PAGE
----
Zen Patriarchs – Hongren

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Daman Hongren (Hong Ren or Hung-jen) was the well-known disciple of the Fourth Patriarch, Daoxin (Tao-hsin). He was the man history has given the title of Fifth Patriarch of the Chinese Zen Lineage. He was The Thirty-Third Buddhist Patriarch. He stepped completely into the footsteps of his master and brought the work to full bloom.

Many of the details of Hongren’s life are uncertain and much of his biography, recorded by historians long after his death, is in great measure just a legend. His personal history is similar to the previous ancestors: leaving home early to become a monk, sitting for long periods of time in meditation, abandoning the sutras, realizing enlightenment, and transmitting his teachings to a single successor.

The Chronicles (The Transmission of Light) say that he came from Daoxin’s own province and impressed the master deeply when, at age fourteen, they met while he was going to Huangmei:

Daoxin: “What is your name?”
Hongren: “I have an essence, but it is not a common name”
– What name is it?
– Is is the essence of Buddhahood
– Have you no name?
– None, because essence is empty

Hongren was a native of Huangmei in Qizhou (Hubei province), within the upper-class. He left home at about eleven or twelve to become a monk. Little is recorded of his early life, but we know that he eventually became the disciple of Daoxin. After Daoxin’s death in 651, Hongren succeeded his teacher and moved to the eastern peak of Mt. Fengmao (Donshang or East Mountain).

Hongren continued Daoxin’s tradition of establishing monastic Chan communities in which the monks worked in the fields and developed practical and administrative skills as well as engaging in meditation practice. Chan practice was extended beyond meditation to all aspects of daily life.

Hongren’s teachings came to be known as the „East Mountain Teachings” (Dongshang Famen), although that term is later applied also to the lineage and teachings of both Daoxin and Hongren. Although he was acknowledged as one of the „Lankavatara Masters,” Hongren followed Daoxin’s example and did not limit his teachings to this Sutra. Instead, he incorporated more diverse currents of Buddhist teaching into the Zen tradition. In particular, he is believed to have included portions of the Mahaprajnaparamita Sutra, especially the Heart and Diamond Sutras, as cornerstones of his teaching and practice.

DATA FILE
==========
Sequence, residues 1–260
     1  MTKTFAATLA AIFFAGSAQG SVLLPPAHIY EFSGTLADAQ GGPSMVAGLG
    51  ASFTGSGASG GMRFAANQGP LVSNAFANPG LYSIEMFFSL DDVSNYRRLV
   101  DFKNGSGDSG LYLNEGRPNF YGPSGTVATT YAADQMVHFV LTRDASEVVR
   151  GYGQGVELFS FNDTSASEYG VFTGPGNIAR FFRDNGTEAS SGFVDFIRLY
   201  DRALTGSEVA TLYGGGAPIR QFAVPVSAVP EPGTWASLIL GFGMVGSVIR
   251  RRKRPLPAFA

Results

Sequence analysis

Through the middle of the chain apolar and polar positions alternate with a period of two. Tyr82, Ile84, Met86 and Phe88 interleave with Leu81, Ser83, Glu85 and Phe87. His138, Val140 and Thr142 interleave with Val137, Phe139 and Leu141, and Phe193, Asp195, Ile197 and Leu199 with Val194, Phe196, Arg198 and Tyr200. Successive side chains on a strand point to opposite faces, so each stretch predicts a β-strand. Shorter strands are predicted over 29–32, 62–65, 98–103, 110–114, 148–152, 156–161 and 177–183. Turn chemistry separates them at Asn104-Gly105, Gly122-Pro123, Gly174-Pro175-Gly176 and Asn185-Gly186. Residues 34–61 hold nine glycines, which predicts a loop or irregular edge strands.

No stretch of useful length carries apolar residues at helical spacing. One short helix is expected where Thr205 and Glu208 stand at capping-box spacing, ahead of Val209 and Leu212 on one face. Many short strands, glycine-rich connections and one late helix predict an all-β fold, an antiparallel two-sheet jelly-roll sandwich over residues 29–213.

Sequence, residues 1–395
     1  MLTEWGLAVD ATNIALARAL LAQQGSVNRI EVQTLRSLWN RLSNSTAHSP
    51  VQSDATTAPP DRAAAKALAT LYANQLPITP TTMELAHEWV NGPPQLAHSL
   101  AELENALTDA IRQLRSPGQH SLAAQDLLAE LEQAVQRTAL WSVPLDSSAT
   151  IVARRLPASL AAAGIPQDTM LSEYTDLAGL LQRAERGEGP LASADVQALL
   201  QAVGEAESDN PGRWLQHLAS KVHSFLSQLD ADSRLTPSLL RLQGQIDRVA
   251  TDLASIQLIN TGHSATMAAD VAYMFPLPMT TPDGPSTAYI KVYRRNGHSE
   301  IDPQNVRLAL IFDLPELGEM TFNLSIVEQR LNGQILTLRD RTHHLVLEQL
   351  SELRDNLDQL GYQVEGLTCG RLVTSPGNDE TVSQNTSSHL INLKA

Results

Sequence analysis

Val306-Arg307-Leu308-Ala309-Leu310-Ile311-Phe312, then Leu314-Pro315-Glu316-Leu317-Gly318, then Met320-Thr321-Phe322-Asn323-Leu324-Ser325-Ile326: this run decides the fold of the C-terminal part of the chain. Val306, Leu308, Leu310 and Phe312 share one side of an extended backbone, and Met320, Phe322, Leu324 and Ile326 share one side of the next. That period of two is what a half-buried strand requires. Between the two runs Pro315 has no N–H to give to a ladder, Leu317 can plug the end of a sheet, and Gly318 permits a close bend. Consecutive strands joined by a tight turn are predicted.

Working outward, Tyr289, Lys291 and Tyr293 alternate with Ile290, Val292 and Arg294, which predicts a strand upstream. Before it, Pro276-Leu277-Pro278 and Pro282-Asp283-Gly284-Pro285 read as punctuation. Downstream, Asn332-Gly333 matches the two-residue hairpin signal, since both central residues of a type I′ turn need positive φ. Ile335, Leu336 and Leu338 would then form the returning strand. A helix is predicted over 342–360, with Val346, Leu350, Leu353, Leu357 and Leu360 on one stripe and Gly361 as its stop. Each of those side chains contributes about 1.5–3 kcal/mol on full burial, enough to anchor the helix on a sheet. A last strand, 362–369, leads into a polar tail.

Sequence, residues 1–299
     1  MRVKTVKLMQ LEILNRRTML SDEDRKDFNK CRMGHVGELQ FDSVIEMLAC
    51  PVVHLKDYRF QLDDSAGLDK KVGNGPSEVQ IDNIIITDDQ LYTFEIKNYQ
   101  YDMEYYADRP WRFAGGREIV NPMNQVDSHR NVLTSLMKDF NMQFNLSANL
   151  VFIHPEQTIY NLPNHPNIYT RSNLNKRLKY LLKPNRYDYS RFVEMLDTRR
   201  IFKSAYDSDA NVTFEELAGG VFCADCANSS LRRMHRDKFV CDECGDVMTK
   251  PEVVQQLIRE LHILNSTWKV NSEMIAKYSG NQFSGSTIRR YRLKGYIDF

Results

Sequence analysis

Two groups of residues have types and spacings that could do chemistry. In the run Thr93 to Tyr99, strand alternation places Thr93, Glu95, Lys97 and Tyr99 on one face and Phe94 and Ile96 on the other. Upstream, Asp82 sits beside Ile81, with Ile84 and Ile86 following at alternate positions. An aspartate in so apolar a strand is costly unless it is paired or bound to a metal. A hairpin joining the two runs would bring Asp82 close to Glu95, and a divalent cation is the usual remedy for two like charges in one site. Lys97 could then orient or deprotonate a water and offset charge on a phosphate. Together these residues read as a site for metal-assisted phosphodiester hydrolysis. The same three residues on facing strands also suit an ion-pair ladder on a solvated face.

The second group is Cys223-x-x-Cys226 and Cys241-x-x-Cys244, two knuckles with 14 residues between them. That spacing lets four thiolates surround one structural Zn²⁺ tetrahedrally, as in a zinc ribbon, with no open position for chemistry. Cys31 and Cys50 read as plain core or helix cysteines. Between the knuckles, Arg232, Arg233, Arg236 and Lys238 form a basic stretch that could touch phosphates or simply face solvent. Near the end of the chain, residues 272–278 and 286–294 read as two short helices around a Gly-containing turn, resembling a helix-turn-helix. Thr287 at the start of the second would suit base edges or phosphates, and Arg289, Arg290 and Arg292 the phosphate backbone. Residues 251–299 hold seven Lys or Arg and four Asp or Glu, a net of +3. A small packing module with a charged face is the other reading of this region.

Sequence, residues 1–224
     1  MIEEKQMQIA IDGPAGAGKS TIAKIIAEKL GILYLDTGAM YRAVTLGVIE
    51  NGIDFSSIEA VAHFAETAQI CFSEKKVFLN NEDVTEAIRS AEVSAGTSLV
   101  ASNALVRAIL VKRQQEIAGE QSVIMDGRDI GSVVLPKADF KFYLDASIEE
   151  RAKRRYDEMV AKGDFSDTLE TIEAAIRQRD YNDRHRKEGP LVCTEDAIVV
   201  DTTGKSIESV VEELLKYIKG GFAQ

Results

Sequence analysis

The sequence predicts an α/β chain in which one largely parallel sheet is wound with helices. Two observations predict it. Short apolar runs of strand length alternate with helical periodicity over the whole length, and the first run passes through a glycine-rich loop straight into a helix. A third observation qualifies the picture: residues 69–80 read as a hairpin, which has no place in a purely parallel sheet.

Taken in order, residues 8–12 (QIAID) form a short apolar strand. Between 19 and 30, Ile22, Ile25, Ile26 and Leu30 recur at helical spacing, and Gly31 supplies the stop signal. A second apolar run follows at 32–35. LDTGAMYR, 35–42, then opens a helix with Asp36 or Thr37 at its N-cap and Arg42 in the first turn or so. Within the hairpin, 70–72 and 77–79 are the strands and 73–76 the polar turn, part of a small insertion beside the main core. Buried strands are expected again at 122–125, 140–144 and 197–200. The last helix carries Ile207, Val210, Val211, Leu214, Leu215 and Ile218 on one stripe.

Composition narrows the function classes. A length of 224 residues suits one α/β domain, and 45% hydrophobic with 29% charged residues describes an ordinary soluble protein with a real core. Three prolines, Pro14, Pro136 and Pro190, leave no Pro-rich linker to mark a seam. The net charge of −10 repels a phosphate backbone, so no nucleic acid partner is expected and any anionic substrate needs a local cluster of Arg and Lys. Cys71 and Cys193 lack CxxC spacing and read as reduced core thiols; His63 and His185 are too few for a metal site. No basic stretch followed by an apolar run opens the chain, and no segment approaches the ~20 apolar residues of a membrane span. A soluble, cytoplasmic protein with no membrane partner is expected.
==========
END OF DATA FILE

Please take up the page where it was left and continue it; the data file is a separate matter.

The wisdom and the capacities made him famous, and it is said that eight to nine out of every ten Buddhist practitioners in China studied under him. He had many disciples, but only the names of a few remain in the record tradition, the most important one being Huineng, who, eventually, would be recognized as the Sixth Patriarch. The emperor of his time was impressed by his teachings, so he bestowed upon Hongren the title Chan master Daman (Great Abundance).

The influential „Treatise on the Essentials of Cultivating the Mind” is attributed to Hongren. This is a compilation of his teachings, presumably written just shortly after his death. „Treatise on the Essentials of Cultivating the Mind” is the earliest collection of the teachings of a Chan master.

Hongren’s basic teaching was that the Pure Mind was obscured by “discriminating thinking, false thoughts, and ascriptive views.” Eliminating false thoughts and maintaining a constant awareness of one’s natural enlightenment ensures that Nirvana naturally arises.

Hongren marks the beginning of a new period of Chan, one characterized by strong master-disciple relationships and the expanding of spiritual practice beyond the Indian dhyana meditations. Hongren’s spiritual practice was based on the “gradual enlightenment” teachings of his predecessor, Daoxin. Hongren and his monastery became the symbol of a great philosophical debate that occupied the first half of the eighth century, immortalized in the poetry contest Hongren initiated and its two main participants, Shenxiu and Huineng. This contest eventually came to symbolize the conflict between the teachings of gradual enlightenment and sudden enlightenment.

Hongren and, later, his disciples, exert an enormous influence on the religious fabric of the society. His students established three prominent Zen lineages, including the dominant „Southern School” that later encompassed the well-known „five houses” of Zen.

„People who practice mental concentration may inhibit the True Mind within themselves by being dependent on sensory perceptions, coarse states of mind, and restricted breathing. Before achieving mental purity, [such people may undertake] the constant practices of concentrating the mind and viewing the mind. Although they do so during all their activities, [such people] cannot achieve [mental] clarity and purity, nor illumine that mind which is the sources of all dharmas.”

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